Praise for East of Denver:
"Hill gives up plenty of laughs to go with the pain . . . a fine first novel from a writer with a great sense of character."—Booklist
"One of this summer's most pleasant surprises."—Austin American-Statesman
"A slow burn, but by the end it's burning hot. . . . This is writing on a par with that of top-flight black-comic novelists like Sam Lipsyte and Jess Walter."—Lev Grossman
"A witty, snarky, thoroughly enjoyable read."—Portland Book Review
"A keen, at times riveting, understanding of the absurdities and freedoms of small-town isolation and the dying way of life that was once the American standard."—Shelf Awareness
"[An] agreeable, offbeat debut novel. . . . Quirkily satisfying."—Kirkus
"An eye for detail, an ear for dialogue, and a knack for storytelling distinguish this unflinching novel of rural America."—Publishers Weekly
Johnny Riles is in a rough patch. He's lonesome, he's drunk, and someone's murdered his horse. He spends his days searching—for the mysterious killer, for his brother's soul, for a sober reason to live. In this off-kilter tale spun out with dry humor, Johnny delves beneath stark Western landscapes both literal and figurative to unearth the truths behind his nightmares.
Gregory Hill lives, writes, and makes music on the Colorado High Plains, and is a book buyer for the University of Denver library. He was the 2012 Boulder County Artist in Residence; his previous novel, East of Denver (2012, Dutton), won the 2013 Colorado Book Award for Literary Fiction and the Amazon Breakthrough Novel Award.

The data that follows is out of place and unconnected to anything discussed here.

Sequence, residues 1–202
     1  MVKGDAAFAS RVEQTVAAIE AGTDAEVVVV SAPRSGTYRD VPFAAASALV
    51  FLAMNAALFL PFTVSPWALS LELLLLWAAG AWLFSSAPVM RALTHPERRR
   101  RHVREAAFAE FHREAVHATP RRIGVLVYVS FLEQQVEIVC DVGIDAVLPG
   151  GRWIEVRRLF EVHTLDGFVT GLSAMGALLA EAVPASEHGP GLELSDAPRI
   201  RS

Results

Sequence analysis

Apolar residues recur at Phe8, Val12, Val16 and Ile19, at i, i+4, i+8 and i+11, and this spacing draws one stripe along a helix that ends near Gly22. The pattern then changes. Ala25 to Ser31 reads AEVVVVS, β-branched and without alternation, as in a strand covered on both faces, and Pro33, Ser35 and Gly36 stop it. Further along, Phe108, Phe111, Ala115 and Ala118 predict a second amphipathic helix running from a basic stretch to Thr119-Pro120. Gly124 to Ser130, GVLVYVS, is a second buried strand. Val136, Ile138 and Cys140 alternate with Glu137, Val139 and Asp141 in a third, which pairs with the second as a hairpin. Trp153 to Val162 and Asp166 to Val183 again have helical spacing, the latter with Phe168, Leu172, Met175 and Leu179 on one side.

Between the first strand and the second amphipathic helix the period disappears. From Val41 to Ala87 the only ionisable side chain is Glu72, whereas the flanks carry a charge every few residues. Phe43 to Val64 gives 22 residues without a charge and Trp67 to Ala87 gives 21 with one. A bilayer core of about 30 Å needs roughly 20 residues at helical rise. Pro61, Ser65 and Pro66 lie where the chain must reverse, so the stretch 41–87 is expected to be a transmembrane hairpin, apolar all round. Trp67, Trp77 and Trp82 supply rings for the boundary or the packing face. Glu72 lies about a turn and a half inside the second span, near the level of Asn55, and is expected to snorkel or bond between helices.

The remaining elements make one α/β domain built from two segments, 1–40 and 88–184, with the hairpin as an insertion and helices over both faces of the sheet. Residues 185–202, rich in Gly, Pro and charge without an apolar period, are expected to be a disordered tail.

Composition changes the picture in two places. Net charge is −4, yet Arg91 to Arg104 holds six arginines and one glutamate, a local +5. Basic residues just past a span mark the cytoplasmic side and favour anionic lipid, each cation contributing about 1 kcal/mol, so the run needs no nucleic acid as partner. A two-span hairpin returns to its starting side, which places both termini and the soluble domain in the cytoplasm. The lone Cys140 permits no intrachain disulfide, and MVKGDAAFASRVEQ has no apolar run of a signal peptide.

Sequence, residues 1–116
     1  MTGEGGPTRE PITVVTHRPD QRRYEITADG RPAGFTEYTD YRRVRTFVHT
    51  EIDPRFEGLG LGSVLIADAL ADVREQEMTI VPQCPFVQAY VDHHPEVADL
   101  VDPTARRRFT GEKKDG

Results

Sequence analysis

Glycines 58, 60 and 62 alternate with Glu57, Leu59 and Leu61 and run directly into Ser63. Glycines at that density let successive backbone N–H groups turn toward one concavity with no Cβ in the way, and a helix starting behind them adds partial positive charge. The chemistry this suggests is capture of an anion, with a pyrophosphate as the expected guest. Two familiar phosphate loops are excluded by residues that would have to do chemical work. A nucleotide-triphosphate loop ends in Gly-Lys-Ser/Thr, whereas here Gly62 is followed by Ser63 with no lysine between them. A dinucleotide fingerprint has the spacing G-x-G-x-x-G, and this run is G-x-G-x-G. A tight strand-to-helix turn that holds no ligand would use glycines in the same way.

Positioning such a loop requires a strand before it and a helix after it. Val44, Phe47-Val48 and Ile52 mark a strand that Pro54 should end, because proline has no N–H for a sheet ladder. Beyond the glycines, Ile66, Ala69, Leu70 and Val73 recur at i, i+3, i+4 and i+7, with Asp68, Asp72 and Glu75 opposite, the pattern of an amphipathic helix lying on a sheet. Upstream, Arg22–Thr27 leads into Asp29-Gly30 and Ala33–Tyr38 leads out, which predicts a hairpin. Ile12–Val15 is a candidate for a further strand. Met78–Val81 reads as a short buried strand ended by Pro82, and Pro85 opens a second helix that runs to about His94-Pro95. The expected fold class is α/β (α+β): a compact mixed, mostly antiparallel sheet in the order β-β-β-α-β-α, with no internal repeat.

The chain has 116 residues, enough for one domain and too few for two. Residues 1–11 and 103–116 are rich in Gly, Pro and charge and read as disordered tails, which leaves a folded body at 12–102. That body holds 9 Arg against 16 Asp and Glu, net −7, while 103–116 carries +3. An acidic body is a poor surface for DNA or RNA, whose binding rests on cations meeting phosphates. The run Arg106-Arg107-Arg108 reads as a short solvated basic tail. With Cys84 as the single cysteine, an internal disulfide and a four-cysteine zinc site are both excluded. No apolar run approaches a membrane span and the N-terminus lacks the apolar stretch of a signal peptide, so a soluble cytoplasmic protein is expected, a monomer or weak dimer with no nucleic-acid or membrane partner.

The Riles brothers couldn’t be more different. Kitch is a high-living, coke-sniffing pro basketball player in the old ABA (circa 1970s), and his older brother, Johnny, is managing the family farm by himself in rural--way rural--Colorado.... Like Hill’s superb debut, East of Denver (2014), this one isn’t really a crime novel, but it surely is a damn fine, if distinctly peculiar, country noir.
—Bill Ott, Booklist
"Reading Gregory Hill’s marvelous page-turner of a second novel is like hunkering down in a psychedelic cave, buried by a flatland Colorado blizzardwith a knife at your throat. Expertly wrought weirdness aboundsyou won’t want it to end. Think, a poodle with no name meets Stephen King." --Barry Wightman, author of Pepperland